We’ve been watching the PGA Tour tournaments on the tube almost since Day One and have to admit that last weekend’s 108th U.S. Open at Torrey Pines in San Diego offered the most excitement and drama of any we can ever remember.

Ever since the Masters ended back in early April and Tiger Woods had his left knee operated on to clean out some old cartilage, the Number One question of the sports media was whether Tiger will be fully recovered and able to compete in this major event of the pro golfing world.

After spending many hours glued to NBC Saturday, Sunday and even Monday the answer to that intriguing question is “No” and “Yes.” No, Tiger is not fully recovered from the slow-healing surgery and Yes, Tiger is able to compete, even on only one good leg.

One could almost feel the pain in his own knee whenever Tiger took one of his famous vicious swings at that Nike golf ball and then watched him grimace in pain after he hit the ball.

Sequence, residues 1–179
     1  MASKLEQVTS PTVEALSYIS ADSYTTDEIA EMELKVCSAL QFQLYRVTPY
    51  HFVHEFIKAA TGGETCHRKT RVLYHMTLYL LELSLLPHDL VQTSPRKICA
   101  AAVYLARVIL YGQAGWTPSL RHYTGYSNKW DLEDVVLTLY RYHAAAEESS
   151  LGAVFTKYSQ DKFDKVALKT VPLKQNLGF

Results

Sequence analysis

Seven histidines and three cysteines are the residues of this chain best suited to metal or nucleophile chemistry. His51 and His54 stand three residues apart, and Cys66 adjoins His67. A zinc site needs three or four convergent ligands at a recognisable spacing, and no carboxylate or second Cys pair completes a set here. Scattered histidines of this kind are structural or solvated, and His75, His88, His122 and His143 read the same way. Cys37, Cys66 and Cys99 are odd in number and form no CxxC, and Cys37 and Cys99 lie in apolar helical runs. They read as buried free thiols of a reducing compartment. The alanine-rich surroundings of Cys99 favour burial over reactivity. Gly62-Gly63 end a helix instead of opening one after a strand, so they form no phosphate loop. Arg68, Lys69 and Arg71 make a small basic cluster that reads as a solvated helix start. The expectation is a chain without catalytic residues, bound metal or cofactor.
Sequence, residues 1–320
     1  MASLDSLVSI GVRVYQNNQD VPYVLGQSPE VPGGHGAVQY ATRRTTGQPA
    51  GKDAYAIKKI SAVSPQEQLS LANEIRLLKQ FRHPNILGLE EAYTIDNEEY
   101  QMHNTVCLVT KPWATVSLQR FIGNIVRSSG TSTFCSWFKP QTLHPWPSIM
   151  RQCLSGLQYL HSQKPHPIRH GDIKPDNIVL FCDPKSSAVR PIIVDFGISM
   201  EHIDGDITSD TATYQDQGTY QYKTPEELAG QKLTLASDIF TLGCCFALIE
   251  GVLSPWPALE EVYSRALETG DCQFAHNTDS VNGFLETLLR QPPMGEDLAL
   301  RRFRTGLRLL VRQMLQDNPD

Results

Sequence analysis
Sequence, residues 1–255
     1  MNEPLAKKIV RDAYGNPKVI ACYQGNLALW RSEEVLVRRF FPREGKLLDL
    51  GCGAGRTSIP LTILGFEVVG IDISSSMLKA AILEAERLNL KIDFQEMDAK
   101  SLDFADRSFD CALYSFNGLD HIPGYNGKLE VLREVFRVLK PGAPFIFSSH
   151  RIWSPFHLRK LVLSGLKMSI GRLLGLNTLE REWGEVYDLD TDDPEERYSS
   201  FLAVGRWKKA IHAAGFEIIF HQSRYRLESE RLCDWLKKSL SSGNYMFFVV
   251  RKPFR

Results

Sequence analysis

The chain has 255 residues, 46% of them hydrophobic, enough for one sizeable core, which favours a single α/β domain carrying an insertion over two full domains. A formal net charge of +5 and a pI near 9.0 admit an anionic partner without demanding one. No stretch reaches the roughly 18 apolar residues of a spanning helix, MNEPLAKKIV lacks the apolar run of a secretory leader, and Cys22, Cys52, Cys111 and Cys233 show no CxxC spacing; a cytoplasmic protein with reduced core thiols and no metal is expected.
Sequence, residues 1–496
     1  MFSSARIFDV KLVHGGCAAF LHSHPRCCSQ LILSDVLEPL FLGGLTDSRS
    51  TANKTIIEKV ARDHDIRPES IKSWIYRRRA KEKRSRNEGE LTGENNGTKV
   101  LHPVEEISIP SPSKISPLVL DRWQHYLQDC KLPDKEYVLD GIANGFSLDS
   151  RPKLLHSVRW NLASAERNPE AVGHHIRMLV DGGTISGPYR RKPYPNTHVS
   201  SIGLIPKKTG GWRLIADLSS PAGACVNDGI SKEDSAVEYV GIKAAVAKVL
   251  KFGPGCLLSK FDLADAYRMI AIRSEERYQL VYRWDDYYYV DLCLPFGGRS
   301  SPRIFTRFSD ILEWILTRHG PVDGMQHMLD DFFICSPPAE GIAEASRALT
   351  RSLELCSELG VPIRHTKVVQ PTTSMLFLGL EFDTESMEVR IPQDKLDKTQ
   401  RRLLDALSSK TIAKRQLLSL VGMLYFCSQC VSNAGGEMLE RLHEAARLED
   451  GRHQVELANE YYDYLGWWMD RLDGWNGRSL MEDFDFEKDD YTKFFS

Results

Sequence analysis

After Thursday’s opening round Woods found himself in a tie for 19th place after testing his knee and tentatively shooting a one-over par 72. He got off to a slow start and had a tough time getting his score down near par.

Tiger’s confidence continued to grow on Friday after shooting 38 on the back nine. Woods began looking like himself and fashioned a personal record-tying 30 on the front and threw his hat in contention for his 14th major victory by moving to within one stroke of second-round leader Stuart Appleby’s 139.

But the rigors of walking six to seven miles each day and twisting on tee shots began to visibly show that his knee was not completely healed. But Tiger’s burning desire to play like the world’s No. 1 golfer took over as he birdied both Par 5’s on the back nine and chipped in a birdie on No. 17 for good measure.